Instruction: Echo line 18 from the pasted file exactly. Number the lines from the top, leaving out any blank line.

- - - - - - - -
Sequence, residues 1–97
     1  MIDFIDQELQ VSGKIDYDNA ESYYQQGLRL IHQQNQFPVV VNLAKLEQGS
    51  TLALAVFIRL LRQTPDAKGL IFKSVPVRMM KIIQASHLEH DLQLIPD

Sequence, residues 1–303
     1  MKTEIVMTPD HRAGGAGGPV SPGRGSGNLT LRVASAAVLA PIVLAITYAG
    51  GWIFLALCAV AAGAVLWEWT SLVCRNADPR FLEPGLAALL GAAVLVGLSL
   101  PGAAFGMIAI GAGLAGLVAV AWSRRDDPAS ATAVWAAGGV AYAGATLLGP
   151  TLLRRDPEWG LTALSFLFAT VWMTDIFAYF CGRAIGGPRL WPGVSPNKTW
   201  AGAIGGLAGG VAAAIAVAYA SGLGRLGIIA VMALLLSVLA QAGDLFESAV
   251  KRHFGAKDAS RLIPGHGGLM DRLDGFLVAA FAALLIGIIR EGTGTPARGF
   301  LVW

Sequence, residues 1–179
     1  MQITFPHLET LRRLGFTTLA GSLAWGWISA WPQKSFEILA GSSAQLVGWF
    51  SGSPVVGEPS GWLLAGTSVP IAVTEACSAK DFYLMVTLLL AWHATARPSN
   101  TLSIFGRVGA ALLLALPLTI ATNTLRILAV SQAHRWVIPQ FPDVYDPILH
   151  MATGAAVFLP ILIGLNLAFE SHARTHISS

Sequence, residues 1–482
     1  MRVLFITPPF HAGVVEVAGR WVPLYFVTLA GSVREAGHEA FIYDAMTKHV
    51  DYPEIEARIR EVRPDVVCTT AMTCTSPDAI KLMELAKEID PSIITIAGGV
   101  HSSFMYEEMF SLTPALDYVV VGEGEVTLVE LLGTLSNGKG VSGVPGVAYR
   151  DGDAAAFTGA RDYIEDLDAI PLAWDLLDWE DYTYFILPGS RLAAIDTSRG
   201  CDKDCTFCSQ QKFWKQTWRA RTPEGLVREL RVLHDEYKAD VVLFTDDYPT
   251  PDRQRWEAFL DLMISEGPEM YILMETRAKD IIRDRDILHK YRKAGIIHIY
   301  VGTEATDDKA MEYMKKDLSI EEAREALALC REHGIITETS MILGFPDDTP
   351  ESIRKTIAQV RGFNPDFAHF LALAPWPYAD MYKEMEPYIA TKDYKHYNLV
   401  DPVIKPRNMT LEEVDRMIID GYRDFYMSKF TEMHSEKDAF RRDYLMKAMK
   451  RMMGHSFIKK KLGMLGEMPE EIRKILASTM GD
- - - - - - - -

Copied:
     1  MRVLFITPPF HAGVVEVAGR WVPLYFVTLA GSVREAGHEA FIYDAMTKHV